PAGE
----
Other stations were geared more towards entertainment, such as a video game titled “Dance, Dance Evolution” where visitors could compete to mimic the birds’ gestures and mating dances. However, it felt as if they exhibition team tried to speak to too wide an audience and confused some of their messages. A station titled “Sexual Selection” showed a cartoon that explained the mating process as “survival of the sexiest.” Odd phrasing given the number of children under the age of ten that were there the day we visited. It made me wonder, who was this for? Other elements spoke to a more mature audience, such as the nineteenth century drawing room. While interesting, the installation did not fit aesthetically with the rustic rain forest styling of the other displays. Perhaps it was included to make adult visitors happy? Yet during our 45 minutes in the show I never saw an adult linger for more than a minute or two.

    The show was most successful when it mimicked the conditions the National Geographic explorers experienced in their quest to document all 39 species of the bird, a feat no one had ever attempted. A time-lapse video showed the explorers building a lean-to shed, completely camouflaged, in which they sat for hours every day waiting to photograph different birds. Nearby, a camera with a zoom lens, much like what paparazzi use, was raised three-feet off the ground by a tripod. Both the camera lens and the tripod were covered in a camouflage print and were enclosed in a plexiglass case. The end of lens was pointed towards a video projection concealed on the other side of display case. The visitor put their eye to the viewfinder and could watch the video, which portrayed footage of a forest floor and a bird jumping and flitting through and around the frame. Since visitors could not physically touch the shutter release, a button was installed on the outer wall of the display case that connected to the shutter release. Once pressed, the visitor could see their “photograph” on the camera’s digital image preview. Hunched over, trying to take a photo the right moment, one began to understand the challenges involved in taking a photograph of a constantly moving target, let alone the 39,000 images that the explorers captured during their eight-year endeavor.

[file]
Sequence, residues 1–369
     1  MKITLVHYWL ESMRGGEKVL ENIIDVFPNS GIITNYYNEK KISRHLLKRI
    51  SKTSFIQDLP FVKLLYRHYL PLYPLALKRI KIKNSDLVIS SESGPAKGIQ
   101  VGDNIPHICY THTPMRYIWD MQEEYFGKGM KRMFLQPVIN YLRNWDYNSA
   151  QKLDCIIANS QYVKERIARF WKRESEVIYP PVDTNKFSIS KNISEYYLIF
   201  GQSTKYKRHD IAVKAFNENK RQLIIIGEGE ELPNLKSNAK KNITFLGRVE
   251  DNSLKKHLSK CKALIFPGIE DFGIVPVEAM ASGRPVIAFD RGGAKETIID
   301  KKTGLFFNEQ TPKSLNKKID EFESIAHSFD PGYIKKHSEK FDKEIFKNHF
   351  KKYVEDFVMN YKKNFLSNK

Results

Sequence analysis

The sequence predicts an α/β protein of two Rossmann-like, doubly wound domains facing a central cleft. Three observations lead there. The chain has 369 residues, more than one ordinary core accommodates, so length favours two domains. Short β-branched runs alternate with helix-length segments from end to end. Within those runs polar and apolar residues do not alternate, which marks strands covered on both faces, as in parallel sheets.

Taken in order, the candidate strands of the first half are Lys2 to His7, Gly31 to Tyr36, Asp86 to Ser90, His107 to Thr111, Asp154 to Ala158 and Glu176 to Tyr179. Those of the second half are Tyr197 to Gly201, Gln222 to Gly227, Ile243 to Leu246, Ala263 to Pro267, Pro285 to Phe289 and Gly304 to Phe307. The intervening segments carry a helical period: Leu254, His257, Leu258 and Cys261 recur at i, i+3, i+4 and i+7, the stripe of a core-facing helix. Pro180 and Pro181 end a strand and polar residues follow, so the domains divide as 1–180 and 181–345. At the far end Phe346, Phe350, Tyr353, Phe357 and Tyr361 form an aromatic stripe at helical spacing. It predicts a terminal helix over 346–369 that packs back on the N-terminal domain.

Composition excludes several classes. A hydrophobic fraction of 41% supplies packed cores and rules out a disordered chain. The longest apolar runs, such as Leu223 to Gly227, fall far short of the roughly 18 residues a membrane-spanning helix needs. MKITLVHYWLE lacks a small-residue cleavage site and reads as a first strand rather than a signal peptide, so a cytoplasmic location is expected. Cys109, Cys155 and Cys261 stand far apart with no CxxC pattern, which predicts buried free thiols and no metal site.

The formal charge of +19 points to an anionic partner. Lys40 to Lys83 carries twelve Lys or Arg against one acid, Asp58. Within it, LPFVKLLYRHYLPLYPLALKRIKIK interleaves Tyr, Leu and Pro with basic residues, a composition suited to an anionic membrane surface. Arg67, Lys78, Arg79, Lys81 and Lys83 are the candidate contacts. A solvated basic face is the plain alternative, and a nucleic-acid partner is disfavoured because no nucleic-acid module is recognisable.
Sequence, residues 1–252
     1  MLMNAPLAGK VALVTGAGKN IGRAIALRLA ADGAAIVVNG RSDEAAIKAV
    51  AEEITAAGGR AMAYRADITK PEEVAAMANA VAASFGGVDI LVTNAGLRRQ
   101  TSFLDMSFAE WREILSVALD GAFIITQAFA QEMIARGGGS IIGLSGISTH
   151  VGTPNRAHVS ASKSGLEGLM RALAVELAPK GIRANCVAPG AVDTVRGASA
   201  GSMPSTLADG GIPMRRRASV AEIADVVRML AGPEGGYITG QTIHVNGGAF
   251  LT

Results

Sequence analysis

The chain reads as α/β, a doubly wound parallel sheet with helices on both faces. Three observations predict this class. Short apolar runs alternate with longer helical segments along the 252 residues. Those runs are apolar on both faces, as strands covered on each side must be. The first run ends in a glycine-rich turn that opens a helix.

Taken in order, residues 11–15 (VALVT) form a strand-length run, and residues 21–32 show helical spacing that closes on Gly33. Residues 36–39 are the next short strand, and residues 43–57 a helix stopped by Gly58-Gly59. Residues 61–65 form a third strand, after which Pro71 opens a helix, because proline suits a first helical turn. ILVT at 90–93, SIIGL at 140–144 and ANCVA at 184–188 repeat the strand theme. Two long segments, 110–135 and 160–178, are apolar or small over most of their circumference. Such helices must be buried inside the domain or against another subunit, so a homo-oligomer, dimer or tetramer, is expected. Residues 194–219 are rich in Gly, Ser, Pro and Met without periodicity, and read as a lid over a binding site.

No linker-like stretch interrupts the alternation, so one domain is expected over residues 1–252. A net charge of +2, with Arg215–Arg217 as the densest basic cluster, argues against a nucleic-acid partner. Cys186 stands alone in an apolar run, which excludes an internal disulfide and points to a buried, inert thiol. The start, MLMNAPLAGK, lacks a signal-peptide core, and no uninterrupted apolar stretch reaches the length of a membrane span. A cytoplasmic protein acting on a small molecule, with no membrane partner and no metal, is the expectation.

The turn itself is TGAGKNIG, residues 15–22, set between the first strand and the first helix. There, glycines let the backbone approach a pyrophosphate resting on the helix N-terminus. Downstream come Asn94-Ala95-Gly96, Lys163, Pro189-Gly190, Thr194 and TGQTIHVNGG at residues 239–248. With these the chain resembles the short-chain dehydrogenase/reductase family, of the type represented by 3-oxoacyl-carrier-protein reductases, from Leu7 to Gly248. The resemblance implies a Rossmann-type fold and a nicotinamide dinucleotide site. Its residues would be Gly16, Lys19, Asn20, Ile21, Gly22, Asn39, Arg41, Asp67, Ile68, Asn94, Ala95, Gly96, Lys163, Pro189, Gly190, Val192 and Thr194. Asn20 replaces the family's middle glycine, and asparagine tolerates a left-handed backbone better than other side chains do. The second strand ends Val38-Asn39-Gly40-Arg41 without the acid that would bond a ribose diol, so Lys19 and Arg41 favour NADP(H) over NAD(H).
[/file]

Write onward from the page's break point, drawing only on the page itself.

As a whole, the show appealed to a variety of senses: sight, sound, and touch. Capturing all 39 species of birds of paradise over the course of 18 expeditions was clearly an enormous undertaking and the show reflected the ambitious nature of the project. Perhaps challenged by the vast of amount of information to convey, some stations felt sparse and unfinished. And while no one station offered a great deal of information to read, greater emphasis was placed on looking and listening, much as one imagines the National Geographic explorers were required to do. The experience of being the explorer appealed to us and we spent the majority of our time examining and discussing the camera display and watching videos of the explorers at work. We largely ignored other installations such as “Dance, Dance Evolution” but another visitor might be more interested in what it’s like to be a bird. The show also made it was clear that the importance of and interest in the birds had evolved, much the same way the birds themselves had evolved over the last 20 million years. From spiritually important elements of tribal culture to much sought after exotic specimens to the current scientific interest in the birds as something to be studied and protected, birds of paradise are more than just exotically plumed creatures. In the end though, the exhibit did find a way help me experience a bit of life as a bird of paradise. As we left the exhibit an attendant offered paper masks in the shape of birds. My father and I slipped them on, and for just a few moments we fit right in with the specimens on display.

Latest Comments (1)

photography in context

by Kathleen Mclean - December 29, 2012

Louisa, I find it interesting that you were planning to attend a photography exhibition (about photography), and instead, you experienced an exhibition in which the photography was all focused on a very specific purpose. Still about photography, but in the context of the scientists and the birds.